When I went to go collect the pieces for my assignment today, I had not realized that the goal was to collect only
Question: Would someone immigrating from the US to overseas feel in a similar way, or because maybe most Americans feel so comfortable, would we feel even more threatened than Iyer did leaving home?
Iyer talks about landing in LAX from the perception of an immigrant. The entire process he takes from the moment he leaves his country to the moment he lands in the US is all very overwhelming. Most people have this sort of vision of what life will be like on the other side. But he makes a point to say that the US has its ways of being no different, in certain ways, from the land they just left behind. That the US can just be as rainy or sunny as anywhere else in the world. Their police policies can become just as terrifying as the ones they left behind.
Iyer talks a lot about different perceptions of time at the airport. He talks about this “odd consciousness” he slips into while at the airport and then shifts to a terrified feeling as a plane takes off as a tarmac becomes a threatening location for must people as they think about “hostages and homicide”. And then taking their first steps through this new life and new land, people easily get lost. He shatters the glass protection concealing the truth behind the real feeling people get when leaving their home. Although, one woman he speaks of, he questions that even though she misses home would she go back. She replies know because even if she did go back she still feared where she came from more due to her past experiences.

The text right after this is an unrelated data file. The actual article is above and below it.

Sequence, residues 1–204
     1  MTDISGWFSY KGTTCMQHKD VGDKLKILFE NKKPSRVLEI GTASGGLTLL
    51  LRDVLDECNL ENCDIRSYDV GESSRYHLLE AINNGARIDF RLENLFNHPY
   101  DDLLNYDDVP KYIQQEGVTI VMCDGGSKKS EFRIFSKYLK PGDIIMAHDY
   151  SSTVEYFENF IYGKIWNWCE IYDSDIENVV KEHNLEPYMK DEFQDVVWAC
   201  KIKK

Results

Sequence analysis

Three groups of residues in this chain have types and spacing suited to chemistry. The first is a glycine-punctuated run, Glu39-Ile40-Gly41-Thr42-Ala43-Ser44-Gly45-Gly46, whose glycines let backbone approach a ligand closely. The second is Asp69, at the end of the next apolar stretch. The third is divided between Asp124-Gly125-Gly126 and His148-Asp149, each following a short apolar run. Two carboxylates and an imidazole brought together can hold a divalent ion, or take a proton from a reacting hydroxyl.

Quote: “It is a commonplace nowadays to say that cities look more and more like airports, cross-cultural spaces that are a gathering of tribes and races and variegated tongues; and it has always been true that airports are in many ways like miniature cities, whole, self-sufficient communities, with their own chapels and museums and gymnasiums.”